Goosegrass and Bermudagrass competition under compaction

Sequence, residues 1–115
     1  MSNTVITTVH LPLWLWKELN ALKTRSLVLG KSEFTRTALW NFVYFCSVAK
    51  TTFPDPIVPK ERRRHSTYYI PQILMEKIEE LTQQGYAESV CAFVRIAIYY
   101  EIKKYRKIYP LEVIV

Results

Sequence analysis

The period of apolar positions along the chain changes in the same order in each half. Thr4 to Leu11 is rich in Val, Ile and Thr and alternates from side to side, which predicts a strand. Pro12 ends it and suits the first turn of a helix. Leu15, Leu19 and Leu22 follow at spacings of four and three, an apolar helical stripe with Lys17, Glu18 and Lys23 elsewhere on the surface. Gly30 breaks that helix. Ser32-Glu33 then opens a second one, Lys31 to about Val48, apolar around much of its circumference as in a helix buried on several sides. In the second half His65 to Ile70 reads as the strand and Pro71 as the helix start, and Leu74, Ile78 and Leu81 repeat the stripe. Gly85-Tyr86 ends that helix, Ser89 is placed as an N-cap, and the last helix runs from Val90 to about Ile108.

Goosegrass (Eleusine indica L.) is a serious weed in trafficked areas of bermudagrass (Cynodon spp.) golf and sports turf. The objective of this study was to evaluate soil compaction and canopy cover as determinants of goosegrass competition in bermudagrass turf in sand soil. Goosegrass cover, plant density, and soil penetration resistance (SPR) were measured in traffic and no-traffic plots in bermudagrass golf course tees and sports field foul areas. Goosegrass plant density and cover were larger in traffic plots compared with no-traffic plots. Soil penetration resistance increased only at 5.0 cm depth due to traffic, while other soil properties including bulk density measured in golf course tees showed no effect from traffic. Two experiments measured the effect of controlled soil compaction on root and shoot dry weight of goosegrass and bermudagrass in containers. The first experiment evaluated effects of three soil compaction levels (1.14, 1.24, 1.33 g cm–3 bulk density) on goosegrass and bermudagrass grown separately. The second experiment evaluated effects on the two species grown together in competition, from two soil compaction levels (1.07 and 1.26 g cm–3 bulk density), two N application rates (48 and 96 kg ha–1 mo–1), and two mowing heights (1.3 and 2.5 cm). The second experiment also evaluated goosegrass seedling emergence and tiller numbers. When species were grown separately, bermudagrass root and shoot dry weight showed no effect from soil compaction, but goosegrass root weight was reduced. When species were grown together, bermudagrass root weight was reduced by compaction, but goosegrass was not affected. Goosegrass seedling emergence was reduced 58% by high mowing height, which paralleled an increase in bermudagrass canopy cover based on shoot dry weight. Canopy cover, not compaction, more readily explained the competition and infestation of goosegrass in trafficked areas in sand soil.